It didn’t happen Friday. The Speaker had to give floor to senior ministers like Syed Khursheed Shah, Sardar Ayaz Sadiq and Khawaja Asif. All of them provided substantial support to the finance minister’s initiative. Doing this, they also took on ‘cartels’ of big businesses. The ministers had to admit that successive governments of Pakistan had consistently been facilitating and pampering these cartels. Instead of appropriately taxing their profits, they shamelessly kept borrowing and begging from foreign countries and global lenders to meet deficits in annual budgets. Finally a stage has come where even the “brotherly countries” are reluctant to finance our deficits.
After replacing Imran Khan through a vote of no-confidence the unity government of eleven parties, found it extremely difficult to avert ‘default.’ To prevent the same, it was forced to massively increase the prices of petroleum products. Yet, the lender of last resort, the International Monetary Fund (IMF), was not satisfied. It kept pressing for additional measures to ensure revenue collection from domestic resources. That forced the need of enforcing ‘Super Tax’ on various cartels. But the minister after minister also kept assuring that the said tax would remain a one-time affair only. The government might be having enough resources in its kitty for getting back to ‘normal taxation’ by the time it starts preparing the next year’s budget.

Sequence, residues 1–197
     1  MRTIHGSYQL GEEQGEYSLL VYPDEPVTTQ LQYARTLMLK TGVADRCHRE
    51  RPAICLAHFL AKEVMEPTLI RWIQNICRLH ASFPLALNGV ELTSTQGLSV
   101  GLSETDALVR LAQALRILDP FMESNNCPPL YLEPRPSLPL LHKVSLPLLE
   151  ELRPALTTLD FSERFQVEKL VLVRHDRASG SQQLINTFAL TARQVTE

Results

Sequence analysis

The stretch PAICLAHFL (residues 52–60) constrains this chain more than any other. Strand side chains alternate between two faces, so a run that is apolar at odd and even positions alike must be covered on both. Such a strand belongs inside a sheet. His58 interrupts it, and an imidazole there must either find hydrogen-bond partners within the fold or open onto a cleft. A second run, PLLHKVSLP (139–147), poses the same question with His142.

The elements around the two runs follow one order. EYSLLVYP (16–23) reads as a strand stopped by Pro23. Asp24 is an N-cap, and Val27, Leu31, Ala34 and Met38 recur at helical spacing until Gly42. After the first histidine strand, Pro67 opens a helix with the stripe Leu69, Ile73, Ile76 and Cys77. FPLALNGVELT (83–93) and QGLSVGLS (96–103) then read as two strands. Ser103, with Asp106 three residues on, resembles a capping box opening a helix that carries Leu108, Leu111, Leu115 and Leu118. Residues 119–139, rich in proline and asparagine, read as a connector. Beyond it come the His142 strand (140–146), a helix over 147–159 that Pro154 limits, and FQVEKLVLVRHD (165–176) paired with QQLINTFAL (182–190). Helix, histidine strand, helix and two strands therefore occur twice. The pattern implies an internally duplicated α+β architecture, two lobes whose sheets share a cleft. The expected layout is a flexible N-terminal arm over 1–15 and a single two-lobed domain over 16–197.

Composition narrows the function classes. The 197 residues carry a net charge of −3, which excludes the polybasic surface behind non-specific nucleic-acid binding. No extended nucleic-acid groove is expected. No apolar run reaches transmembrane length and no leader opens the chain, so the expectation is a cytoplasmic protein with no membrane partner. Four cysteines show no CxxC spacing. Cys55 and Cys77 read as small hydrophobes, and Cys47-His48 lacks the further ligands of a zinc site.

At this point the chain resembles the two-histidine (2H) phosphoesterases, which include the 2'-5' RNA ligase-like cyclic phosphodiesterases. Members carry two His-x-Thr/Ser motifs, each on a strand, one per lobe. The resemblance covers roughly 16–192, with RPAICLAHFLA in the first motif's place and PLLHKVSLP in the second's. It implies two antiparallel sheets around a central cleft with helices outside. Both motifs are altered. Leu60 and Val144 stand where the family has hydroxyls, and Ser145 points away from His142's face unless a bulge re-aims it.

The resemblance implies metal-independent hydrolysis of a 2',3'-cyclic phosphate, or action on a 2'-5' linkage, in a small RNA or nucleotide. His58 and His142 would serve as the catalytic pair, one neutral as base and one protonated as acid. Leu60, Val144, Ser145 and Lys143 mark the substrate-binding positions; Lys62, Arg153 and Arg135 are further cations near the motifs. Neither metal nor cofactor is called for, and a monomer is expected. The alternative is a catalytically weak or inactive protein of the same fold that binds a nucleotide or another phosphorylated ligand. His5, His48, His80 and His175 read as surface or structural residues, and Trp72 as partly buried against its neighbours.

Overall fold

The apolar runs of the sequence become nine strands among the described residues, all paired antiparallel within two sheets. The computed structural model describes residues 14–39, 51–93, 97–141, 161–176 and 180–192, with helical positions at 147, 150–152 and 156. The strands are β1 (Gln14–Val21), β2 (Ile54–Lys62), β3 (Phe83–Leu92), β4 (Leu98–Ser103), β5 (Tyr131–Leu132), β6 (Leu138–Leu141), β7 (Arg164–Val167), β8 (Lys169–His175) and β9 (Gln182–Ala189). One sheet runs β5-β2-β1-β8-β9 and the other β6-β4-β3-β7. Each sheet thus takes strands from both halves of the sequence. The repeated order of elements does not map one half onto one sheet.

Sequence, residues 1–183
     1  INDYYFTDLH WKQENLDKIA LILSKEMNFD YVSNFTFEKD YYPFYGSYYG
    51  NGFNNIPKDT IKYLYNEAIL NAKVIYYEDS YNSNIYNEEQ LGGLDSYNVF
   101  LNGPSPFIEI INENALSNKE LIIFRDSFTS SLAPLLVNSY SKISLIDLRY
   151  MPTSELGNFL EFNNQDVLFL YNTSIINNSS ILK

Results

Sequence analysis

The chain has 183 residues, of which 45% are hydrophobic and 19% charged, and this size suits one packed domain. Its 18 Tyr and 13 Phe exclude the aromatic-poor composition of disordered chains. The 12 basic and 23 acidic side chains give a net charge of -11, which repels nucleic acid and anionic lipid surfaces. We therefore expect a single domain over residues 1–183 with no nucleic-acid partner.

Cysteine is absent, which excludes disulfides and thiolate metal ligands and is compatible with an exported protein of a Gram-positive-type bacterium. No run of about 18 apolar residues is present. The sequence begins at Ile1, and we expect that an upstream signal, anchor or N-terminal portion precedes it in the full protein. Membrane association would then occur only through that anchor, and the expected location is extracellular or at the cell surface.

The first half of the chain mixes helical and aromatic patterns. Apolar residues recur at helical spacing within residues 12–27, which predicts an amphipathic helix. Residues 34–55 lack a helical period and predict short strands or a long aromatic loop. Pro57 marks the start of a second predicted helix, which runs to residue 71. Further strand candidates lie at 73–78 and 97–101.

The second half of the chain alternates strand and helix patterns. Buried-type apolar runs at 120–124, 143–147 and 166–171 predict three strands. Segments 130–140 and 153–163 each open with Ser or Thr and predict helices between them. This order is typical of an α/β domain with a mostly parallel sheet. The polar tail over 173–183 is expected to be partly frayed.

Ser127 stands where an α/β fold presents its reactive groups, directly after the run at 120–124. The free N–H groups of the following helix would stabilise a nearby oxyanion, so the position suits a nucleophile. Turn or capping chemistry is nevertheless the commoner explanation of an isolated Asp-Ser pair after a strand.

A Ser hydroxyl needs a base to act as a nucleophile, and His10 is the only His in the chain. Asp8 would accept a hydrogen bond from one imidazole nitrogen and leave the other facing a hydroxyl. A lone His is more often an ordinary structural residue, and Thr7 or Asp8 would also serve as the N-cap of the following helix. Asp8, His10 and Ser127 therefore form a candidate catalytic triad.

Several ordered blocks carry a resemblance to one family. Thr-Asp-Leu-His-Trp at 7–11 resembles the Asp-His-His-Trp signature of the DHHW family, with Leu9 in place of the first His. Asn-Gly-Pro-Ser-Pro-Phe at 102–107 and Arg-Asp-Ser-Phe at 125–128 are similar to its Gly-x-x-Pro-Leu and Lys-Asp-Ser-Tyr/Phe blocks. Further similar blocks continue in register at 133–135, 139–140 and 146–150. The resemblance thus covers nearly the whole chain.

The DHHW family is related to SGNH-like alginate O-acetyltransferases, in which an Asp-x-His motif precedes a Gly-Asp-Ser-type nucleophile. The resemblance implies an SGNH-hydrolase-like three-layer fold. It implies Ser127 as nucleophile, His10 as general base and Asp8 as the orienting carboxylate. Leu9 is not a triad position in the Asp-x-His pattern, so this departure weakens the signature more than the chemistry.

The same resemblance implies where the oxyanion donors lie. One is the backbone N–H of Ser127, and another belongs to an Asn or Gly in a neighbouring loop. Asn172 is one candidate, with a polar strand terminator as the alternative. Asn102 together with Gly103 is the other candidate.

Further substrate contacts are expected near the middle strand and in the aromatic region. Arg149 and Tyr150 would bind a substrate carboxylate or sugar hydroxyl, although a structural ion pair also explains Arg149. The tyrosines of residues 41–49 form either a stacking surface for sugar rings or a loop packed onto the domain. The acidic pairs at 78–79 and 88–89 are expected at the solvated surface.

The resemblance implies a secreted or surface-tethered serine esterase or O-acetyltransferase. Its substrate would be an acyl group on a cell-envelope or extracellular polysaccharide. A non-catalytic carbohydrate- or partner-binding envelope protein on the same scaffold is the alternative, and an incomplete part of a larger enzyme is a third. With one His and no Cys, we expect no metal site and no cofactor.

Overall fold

The speeches, these highly experienced politicians delivered in the National Assembly Friday, clearly indicated that the unity or the coalition government was determined to continue ruling until the current National Assembly finished its constitutional term, sometime in August next year. It wouldn’t yield to the demand of earliest possible elections as the former Prime Minister, Imran Khan, had zealously been pressing since removed.